Journal of Cognitive Psychotherapy
Springer Publishing Company
Interventions for hoarding disorder need to target difficulty letting go of items to reduce clutter and improve functioning. The present studies were designed to test the efficacy of brief cognitive interventions for letting go of possessions and self-report outcomes. Participants (N = 67 in Study 1; N = 110 in Study 2) received training on defusion or distraction in Study 1 and defusion, self-as-context, or distraction in Study 2 and completed measures at pre- and postintervention. Study 1 found no differences between defusion and distraction on saving, self-rated discomfort with discarding, or perceived importance of the target belonging. In Study 2, participants provided most favorable feedback for self-as-context compared to defusion and distraction, indicating promise of this strategy. Nonetheless, findings from both studies overall provide minimal support for use of present procedures to reduce saving. Limitations include use of non-clinical samples and single-item variables to obtain participant feedback.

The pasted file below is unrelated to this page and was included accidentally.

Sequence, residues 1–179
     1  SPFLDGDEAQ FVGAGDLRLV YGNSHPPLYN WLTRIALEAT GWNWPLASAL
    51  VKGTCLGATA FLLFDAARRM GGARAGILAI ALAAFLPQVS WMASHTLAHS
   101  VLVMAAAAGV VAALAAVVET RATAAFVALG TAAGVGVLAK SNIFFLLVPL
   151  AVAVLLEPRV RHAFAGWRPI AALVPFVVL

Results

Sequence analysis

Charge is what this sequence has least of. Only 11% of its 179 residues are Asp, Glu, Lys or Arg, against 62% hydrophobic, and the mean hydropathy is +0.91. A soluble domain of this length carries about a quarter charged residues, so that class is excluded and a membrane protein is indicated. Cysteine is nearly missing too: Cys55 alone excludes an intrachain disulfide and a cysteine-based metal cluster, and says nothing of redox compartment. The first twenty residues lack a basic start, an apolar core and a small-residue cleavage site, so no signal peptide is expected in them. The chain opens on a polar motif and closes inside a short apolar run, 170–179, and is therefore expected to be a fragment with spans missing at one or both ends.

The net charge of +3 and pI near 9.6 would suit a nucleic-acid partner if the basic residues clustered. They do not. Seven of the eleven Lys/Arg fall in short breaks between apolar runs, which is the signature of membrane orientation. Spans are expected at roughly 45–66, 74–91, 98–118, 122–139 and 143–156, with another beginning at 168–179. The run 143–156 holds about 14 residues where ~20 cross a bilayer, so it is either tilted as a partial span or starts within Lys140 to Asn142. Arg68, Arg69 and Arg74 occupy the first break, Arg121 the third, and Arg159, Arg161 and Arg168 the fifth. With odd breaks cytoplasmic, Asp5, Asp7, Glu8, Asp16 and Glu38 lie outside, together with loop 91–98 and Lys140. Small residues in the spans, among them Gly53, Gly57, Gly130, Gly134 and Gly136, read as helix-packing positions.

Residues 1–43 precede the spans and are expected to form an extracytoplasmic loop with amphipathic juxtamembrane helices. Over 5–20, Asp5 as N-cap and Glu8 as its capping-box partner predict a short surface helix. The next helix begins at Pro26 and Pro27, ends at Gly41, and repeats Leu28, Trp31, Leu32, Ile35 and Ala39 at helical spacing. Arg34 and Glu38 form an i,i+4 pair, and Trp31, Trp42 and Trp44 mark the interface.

Ong, C. W., Terry, C. L., & Twohig, M. P. (2020). Comparing the efficacy of defusion, self-as-context, and distraction strategies for getting rid of possessions. Journal of Cognitive Psychotherapy.